The vectors described above were transfected into Sf21 cells to generate recombinant viruses by standard techniques. Cells infected with the recombinant viruses were studied in the manner described above. It was found that the cells contained distinct recombinant occlusion bodies. Confocal optical section study further confirmed that these particles were located in the cytoplasmic region of the cells. Since baculovirus virions are only produced in the nucleus, this result suggests that these recombinant occlusion bodies do not include any virions.

Other Embodiments

All of the features disclosed in this specification may be combined in any combination. Each feature disclosed in this specification may be replaced by an alternative feature serving the same, equivalent, or similar purpose. Thus, unless expressly stated otherwise, each feature disclosed is only an example of a generic series of equivalent or similar features.

From the above description, one skilled in the art can easily ascertain the essential characteristics of the present invention, and without departing from the spirit and scope thereof, can make various changes and modifications of the invention to adapt it to various usages and conditions. Thus, other embodiments are also within the scope of the following claims.

Patent Citations
Cited PatentFiling datePublication dateApplicantTitle
US4870023 *Feb 8, 1988Sep 26, 1989American Biogenetic Sciences, Inc.Recombinant baculovirus occlusion bodies in vaccines and biological insecticides
US5976552Apr 28, 1995Nov 2, 1999Protein Sciences CorporationVirus vaccines
US7282353 *Aug 19, 2004Oct 16, 2007Academia SinicaProtein isolation
Non-Patent Citations
Reference
1Adams et al., Baculoviridae. Nuclear PolyhedrosisVviruses, in Atlas of Invertebrate viruses, 6:87- 226 (1991).
2Arella et al., Molecular Cloning and Characterization of Cytoplasmic Polyhedrosis Virus Polyhedrin and a Viable Deletion Mutant Gene, J. Virol., 62:211-217 (1998).
3Ayres et al., The Complete DNA Sequence of Autographa Californica Nuclear Polyhedrosis Virus, Virology, 202:586-605 (1994).
4Chao et al., A 2.9-Kilobase Noncoding Nuclear RNA Functions in the Establishment of Persistent Hz-1 Viral Infection, J. Virol., 72:2233-2245 (1998).
5Chatterji et al., A recombination-efficient baculovirus vector for simultaneous expression of multiple genes, Gene, 171:209-213 (1996).
6Clem et al., Influence of Infection Route on the Infectivity of Baculovirus Mutants Lacking the Apoptosis-Inhibiting Gene p35 and the Adjacent Gene p94, J. Virol., 68:6759-6762 (1994).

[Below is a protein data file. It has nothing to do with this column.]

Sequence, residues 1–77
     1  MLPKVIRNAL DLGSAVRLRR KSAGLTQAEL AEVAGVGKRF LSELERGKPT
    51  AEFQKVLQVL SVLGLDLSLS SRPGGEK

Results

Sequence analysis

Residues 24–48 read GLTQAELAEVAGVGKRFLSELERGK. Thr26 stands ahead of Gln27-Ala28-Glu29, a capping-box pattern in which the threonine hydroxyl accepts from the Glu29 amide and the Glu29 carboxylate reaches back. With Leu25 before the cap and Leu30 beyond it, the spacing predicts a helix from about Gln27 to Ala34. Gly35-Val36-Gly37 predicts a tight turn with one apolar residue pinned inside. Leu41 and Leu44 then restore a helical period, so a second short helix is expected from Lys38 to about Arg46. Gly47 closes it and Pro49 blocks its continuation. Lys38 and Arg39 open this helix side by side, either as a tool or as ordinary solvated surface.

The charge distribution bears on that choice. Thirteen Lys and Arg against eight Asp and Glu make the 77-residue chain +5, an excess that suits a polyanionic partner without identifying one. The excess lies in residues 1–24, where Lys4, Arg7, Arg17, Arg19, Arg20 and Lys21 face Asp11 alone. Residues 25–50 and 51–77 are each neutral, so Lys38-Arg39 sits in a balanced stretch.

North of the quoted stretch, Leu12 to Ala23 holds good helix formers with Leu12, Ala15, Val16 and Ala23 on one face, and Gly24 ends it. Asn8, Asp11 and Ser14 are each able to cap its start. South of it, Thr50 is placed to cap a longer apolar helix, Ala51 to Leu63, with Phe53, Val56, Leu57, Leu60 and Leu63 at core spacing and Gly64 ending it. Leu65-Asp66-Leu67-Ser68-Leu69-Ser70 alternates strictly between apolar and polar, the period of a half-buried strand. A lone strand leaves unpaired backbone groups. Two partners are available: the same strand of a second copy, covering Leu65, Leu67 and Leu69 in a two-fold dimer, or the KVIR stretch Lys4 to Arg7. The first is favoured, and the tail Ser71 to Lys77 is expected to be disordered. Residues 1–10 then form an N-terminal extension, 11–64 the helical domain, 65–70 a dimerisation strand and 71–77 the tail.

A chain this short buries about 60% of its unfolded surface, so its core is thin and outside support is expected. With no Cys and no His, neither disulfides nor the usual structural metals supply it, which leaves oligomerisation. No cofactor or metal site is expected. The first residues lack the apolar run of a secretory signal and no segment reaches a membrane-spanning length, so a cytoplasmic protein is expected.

7Fish & Richardson P.C., Amendment in Reply to Final Office Action dated Aug. 9, 2006, in U.S. Appl. No. 10/921,741, filed Nov. 7, 2006, 10 Pages.
8Fish & Richardson P.C., Amendment in Reply to Final Office Action dated Mar. 14, 2006, in U.S. Appl. No. 10/921,741, filed May 18, 2006, 10 Pages.
9Fish & Richardson P.C., Amendment in Reply to Final Office Action dated Nov. 3, 2005, in U.S. Appl. No. 10/921,741, filed Feb. 3, 2006, 7 Pages.
10Fish & Richardson P.C., Amendment in Reply to Office Action dated Dec. 5, 2006, in U.S. Appl. No. 10/921,741, filed Feb. 27, 2007, 10 Pages.
11Fish & Richardson P.C., Amendment in Reply to Office Action dated Mar. 1, 2005, in U.S. Appl. No. 10/921,741, filed Aug. 1, 2005, 12 Pages.
12 *GenBank Accession No. BAA19860. polynedrin Bombyx mori cypovirus 1(1998).
13GenCore version 5.1.6, Result 1, pp. 1-7, run on Dec. 9, 2004.
14Goeddel, Gene Expression Technology: Methods in Enzymology 185, Academic Press, San Diego, Ca (1990).
15Ikeda et al., Characterizations of natural and induced polyhedron gene mutants of Bombyx mori cytoplasmic polyhedrosis viruses, Arch. Virol., 143:241-248 (1998).
16J. H. McLinden et al. Expression offoreign epitopes on recombinant occlusion bodies of baculovirus, Vaccine, 10(4):231-237, (1992).
17Katsuma et al., Identification of Novel Residues Involved in Nuclear Localization of a Baculovirus Polyhedrin Protein, Virus Genes, 21:233-240 (2000).